I received this book in exchange of a fair and honest review.

Saturday, February 6, 2016

Washington and Baltimore Art Deco by Richard Striner, Melissa Blair

Washington and Baltimore Art Deco : A Design History of Neighboring Cities by Richard Striner and Melissa Blair

The bold lines and decorative details of Art Deco have stood the test of time since one of its first appearances in the International Exhibition of Modern Decorative and Industrial Arts in Paris in 1925. Reflecting the confidence of modern mentality—streamlined, chrome, and glossy black—along with simple elegance, sharp lines, and cosmopolitan aspirations, Art Deco carried surprises, juxtaposing designs growing out of speed (racecars and airplanes) with ancient Egyptian and Mexican details, visual references to Russian ballet, and allusions to Asian art.

While most often associated with such masterworks as New York’s Chrysler Building, Art Deco is evident in the architecture of many U.S. cities, including Washington and Baltimore. By updating the findings of two regional studies from the 1980s with new research, Richard Striner and Melissa Blair explore the most significant Art Deco buildings still standing and mourn those that have been lost.

This comparative study illuminates contrasts between the white-collar New Deal capital and the blue-collar industrial port city, while noting such striking commonalities as the regional patterns of Baltimore’s John Jacob Zinc, who designed Art Deco cinemas in both cities.

Uneven preservation efforts have allowed significant losses, but surviving examples of Art Deco architecture include the Bank of America building in Baltimore (now better known as 10 Light Street) and the Uptown Theater on Connecticut Avenue NW in Washington. Although possibly less glamorous or flamboyant than exemplars in New York or Miami, the authors find these structures—along with apartment houses and government buildings—typical of the Deco architecture found throughout the United States and well worth preserving.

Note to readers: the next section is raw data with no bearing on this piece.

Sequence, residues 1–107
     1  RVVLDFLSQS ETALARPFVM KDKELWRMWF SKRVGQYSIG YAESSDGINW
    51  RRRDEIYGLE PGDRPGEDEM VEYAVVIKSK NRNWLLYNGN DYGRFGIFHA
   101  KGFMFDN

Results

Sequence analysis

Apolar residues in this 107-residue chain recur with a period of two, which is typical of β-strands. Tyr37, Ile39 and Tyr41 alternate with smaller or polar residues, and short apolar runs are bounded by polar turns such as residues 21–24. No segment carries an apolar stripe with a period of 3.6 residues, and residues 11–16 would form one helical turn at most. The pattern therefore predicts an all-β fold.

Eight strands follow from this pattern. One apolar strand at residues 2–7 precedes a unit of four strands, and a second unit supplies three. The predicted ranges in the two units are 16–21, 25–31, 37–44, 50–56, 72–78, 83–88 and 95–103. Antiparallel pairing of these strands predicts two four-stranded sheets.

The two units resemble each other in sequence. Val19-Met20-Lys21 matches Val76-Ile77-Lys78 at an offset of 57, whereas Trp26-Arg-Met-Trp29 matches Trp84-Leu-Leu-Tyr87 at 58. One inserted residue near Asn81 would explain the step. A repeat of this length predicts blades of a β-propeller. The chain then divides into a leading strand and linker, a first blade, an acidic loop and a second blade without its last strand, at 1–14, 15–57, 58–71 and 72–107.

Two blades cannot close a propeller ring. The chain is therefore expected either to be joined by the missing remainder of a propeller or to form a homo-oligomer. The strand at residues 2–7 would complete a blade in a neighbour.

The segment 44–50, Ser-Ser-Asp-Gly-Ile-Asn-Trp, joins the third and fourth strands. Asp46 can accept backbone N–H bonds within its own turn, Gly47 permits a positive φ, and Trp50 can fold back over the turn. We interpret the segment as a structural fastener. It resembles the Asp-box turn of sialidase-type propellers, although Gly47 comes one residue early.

Demonstrating how an international design movement found its way into ordinary places, this study will appeal to architectural historians, as well as regional residents interested in developing a greater appreciation of Art Deco architecture in the mid-Atlantic region.

Two cities I've never visited even if I was aware of the gorgeous Art Deco work you can see in Miami. So I was curious about this book and the old fashion and decadent vibes this art gives to a city.

I was not dissapointed. The book is detailled with history and stories as well as illustrated with gorgeous pictures.
But it would have been even greater if some color pictures were also proposed. Even if I understand the beauty of Black and White...

It's a great book to know more or discover about a design mouvement. An amazing work done by the two authors.

As I like buildings and history, this book was the perfect mix!

Richard Striner is a professor of history at Washington College and is the author, co-author, or editor of ten books. Melissa Blair is an architectural historian in Maryland.

*Arc provided by Edelweiss
I received this book in exchange of a fair and honest review.

Tuesday, February 2, 2016

Monday Storm

Monday Storm

I woke up to the sound of pouring rain
Abundantly washing the ground behind my curtain
I listen to the elements arguing through my windows
Not wanting reality, I bury my face in the pillows
What is this silly humidity rolling out of my eyes?
Am I cleaning my soul out of your memories?
Of empty promises and alluring sentences?
Of cold indifference and supposed acceptance?

The wind hiss fiercely outside not happy 
Of being forgotten in the middle of this insane party 
Like water, his powers can heal or damage
This morning, Aeolus is at war, out for carnage
Inside, my thoughts and feelings keep their swirl
Of what if and why... They roll, they whirl
Never mind asking, answers are locked in silence
I’m tired of your absence or compelled presence

The storm is passionate, loud, angry
As I can be
The nature likes harmony
You had my loyalty, my amity
In a minute, the weather will change
Same for me
White clouds will tell new stories
I will thank you for all our memories 
Before wishing you a sunny journey
New stars to light your wild odyssey